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St Helen, Skipwith, Yorkshire, East Riding

(53°50′18″N, 1°0′11″W)
SE 657 385
pre-1974 traditional (England and Wales) Yorkshire, East Riding
now North Yorkshire
medieval York
now York
medieval St Helen
now St Helen
  • Rita Wood
17 May 2006, 12 Aug 2016

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Feature Sets

The church has a west tower, an aisled nave and chancel; a S porch off the nave and a N vestry off the chancel. The fabric is coursed rubble and ashlar; the earliest work used sandstones probably of Roman origin, and the later work used Magnesian limestone. There was a restoration in 1876-77 under J. L. Pearson (Borthwick Fac. 1876/8; with plans). The manor house is thought to have been south of the church, at a large moated site over the road.

The church is known for its pre-Conquest tower, the lowest stage of which has been dated to c. 950; an upper stage has 11thc twin bell-openings; the arch to the nave is ‘pattern-book Saxon’ (Pevsner and Neave, 1995, 687).

Only one part of the nave arcade falls within the definition of Romanesque; the rest is later. The feature relevant to this Corpus is pier 2 of the N arcade.


In 1086, Hugh, son of Baldric, had a manor of 3 carucates; by 1200, the Bishop of Durham had acquired 2 carcuates. One carucate passed to Robert de Stuteville (VCH, III, 93-94).

The church is first mentioned in 1084, when the king gave it to the bishop of Durham. In the 1120s, the king granted it to Durham Priory. It remained in the peculiar jurisdiction of the priory, whose patronage was confirmed 1154-56 (VCH, III, 99-100).


Interior Features



The striking late 13thc chancel is distinct but, between chancel and tower, the make-up of the nave and its aisles is particularly complex.

The round-headed S doorway is presumably contemporary with the S arcade; the pointed N doorway is later, perhaps due to a later widening of that part of the aisle. The eastern bays (bay 1) of the arcades followed with the present chancel.

The S doorway is round-headed and continuous; it has an inner order with a wide chamfer; the label is mostly of a pinkish sandstone, and the one piece of limestone has decayed badly. The surviving stones are cut with a weathered dentation or sawtooth pattern; the teeth seem to be in the same plane as the chamfer, not quite as on the arcades.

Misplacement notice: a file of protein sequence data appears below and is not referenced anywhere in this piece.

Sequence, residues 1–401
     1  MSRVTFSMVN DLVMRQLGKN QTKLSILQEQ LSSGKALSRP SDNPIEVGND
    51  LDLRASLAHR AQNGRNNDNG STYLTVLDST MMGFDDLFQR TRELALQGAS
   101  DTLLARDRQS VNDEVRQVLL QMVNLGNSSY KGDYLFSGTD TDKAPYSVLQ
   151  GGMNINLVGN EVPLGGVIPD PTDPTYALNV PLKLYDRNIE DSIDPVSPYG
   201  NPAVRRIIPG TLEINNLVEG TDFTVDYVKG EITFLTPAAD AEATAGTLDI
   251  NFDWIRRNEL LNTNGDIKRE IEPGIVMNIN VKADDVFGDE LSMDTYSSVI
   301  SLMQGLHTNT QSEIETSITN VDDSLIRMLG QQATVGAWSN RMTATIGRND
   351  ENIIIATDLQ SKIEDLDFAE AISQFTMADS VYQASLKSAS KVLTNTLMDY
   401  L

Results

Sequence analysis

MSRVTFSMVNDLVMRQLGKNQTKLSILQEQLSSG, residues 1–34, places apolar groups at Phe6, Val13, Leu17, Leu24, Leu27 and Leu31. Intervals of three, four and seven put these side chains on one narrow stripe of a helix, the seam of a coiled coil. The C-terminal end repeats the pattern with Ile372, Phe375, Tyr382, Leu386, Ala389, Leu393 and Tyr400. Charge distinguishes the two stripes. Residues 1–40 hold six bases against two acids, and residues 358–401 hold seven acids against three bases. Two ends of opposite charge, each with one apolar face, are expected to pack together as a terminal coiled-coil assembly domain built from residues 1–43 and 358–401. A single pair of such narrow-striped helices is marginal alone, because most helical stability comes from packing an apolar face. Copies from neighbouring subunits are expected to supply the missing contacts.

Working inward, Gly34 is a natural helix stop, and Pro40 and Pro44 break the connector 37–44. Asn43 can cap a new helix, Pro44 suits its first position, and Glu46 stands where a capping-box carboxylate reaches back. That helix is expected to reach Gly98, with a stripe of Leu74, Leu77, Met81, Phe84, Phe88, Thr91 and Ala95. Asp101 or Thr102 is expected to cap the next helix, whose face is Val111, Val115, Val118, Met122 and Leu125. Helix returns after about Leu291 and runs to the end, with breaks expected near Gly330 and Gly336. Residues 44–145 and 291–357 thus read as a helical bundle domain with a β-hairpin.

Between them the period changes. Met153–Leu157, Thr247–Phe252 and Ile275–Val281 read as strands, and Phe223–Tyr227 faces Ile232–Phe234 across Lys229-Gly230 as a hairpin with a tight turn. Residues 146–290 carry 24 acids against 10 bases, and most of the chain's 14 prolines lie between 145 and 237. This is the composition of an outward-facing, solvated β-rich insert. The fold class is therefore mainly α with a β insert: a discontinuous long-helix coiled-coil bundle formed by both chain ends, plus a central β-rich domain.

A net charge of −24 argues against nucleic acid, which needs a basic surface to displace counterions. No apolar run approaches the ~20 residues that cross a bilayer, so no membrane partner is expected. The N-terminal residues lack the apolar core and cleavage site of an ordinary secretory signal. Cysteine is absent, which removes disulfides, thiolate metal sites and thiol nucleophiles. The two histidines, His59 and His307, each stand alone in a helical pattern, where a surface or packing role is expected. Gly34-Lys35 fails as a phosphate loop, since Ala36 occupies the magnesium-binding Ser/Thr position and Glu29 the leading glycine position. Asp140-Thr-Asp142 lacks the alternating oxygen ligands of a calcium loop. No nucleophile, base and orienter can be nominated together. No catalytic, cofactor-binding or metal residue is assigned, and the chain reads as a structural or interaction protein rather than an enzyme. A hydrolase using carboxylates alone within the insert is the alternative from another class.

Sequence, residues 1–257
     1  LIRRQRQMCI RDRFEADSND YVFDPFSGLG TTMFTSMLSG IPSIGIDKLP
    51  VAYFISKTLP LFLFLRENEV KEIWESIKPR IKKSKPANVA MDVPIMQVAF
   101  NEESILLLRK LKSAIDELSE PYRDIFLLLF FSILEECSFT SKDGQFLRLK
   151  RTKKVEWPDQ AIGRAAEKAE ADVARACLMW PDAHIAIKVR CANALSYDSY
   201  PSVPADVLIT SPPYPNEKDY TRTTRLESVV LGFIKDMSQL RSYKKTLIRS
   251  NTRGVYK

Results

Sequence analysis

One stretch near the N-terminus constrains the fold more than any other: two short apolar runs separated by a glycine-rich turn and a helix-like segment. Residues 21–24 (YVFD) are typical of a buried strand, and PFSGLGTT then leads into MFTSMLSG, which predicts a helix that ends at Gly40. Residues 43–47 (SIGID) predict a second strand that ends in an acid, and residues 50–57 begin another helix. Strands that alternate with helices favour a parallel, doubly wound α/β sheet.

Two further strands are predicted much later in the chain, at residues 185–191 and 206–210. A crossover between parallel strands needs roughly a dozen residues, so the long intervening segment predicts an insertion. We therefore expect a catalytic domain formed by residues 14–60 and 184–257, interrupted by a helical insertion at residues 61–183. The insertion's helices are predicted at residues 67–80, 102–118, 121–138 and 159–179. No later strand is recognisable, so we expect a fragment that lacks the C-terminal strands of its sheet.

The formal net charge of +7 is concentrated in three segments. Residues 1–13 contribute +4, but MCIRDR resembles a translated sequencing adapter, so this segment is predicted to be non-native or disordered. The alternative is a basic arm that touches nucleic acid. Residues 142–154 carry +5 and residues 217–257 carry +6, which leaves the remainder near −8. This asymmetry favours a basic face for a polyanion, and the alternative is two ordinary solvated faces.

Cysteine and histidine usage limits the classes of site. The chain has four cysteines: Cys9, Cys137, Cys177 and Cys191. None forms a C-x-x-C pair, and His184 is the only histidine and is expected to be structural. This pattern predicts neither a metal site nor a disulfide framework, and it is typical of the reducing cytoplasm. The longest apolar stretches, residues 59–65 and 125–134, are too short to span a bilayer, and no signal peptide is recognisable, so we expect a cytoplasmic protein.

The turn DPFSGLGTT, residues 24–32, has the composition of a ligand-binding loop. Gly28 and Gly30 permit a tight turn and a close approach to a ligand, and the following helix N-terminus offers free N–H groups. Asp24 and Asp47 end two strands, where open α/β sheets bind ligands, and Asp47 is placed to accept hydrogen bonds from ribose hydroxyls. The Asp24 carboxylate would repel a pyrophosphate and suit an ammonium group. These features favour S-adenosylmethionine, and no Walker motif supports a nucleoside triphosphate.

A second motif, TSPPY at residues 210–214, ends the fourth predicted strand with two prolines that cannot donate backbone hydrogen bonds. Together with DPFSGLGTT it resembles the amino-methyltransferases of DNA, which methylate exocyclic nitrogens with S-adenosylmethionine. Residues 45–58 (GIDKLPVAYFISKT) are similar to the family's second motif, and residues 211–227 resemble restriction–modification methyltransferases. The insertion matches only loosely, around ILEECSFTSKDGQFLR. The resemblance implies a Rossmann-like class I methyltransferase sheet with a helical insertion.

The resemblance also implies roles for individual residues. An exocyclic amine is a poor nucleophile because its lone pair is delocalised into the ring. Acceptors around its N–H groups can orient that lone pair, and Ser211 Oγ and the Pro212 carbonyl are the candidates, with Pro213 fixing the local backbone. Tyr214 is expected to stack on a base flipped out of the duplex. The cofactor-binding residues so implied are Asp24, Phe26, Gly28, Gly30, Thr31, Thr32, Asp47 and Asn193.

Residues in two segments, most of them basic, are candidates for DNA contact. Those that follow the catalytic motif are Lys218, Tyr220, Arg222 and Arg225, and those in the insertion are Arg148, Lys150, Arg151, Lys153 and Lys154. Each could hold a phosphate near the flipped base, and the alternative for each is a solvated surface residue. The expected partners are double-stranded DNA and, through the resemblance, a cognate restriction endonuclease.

The two W bays of the nave arcades are of interest for their Transitional nature. The continuation in their labels of the so-called 'Norman' zigzag pattern, as dentation, is particularly striking, occurring on both arcades and the S doorway. Even the font and the poor-box might be thought of as continuing the tradition.

N arcade, W respond: even allowing for the damage, the head does not look like a Romanesque face, rather too much is taken from observation. Compare the head at Riccall at the W end of the S arcade, which does have Romanesque features - and another head, at Hemingbrough, similarly a stop on an arcade.

The stone inside the tower, carved with graffiti of men and at least one animal, is discussed in Lang (1991, 214-15, ill. 823).

Font: the dimensions of the interior basin are comparable to those of 12thc fonts, and the facetting of the cup to fit the octagonal base reminded the fieldworker of the adventurous shaping of the font at Ryther, which seems to be up-dating an earlier cylinder.

The site of the manor house was recently excavated. Excavations also accompanied stabilisation work on the foundations of the tower in 2004-05; these were necessary due to undermining by British Coal.


Borthwick Institute, Fac. 1876/8, plans.

J. T. Lang, York and Eastern Yorkshire, Corpus of Anglo-Saxon Stone Sculpture, vol. III, Oxford, 1991, 823.

N. Pevsner and D. Neave, Yorkshire: York and the East Riding, London, 1995, 687-98.

A guide to St Helen's Church Skipwith, n.p., n.d. after 1999, current 2016.

Victoria County History: East Riding of Yorkshire,. III (Ouse and Derwent Wapentake; Harthill Wapentake, Wilton Beacon section, west), London, 1976, 93-100.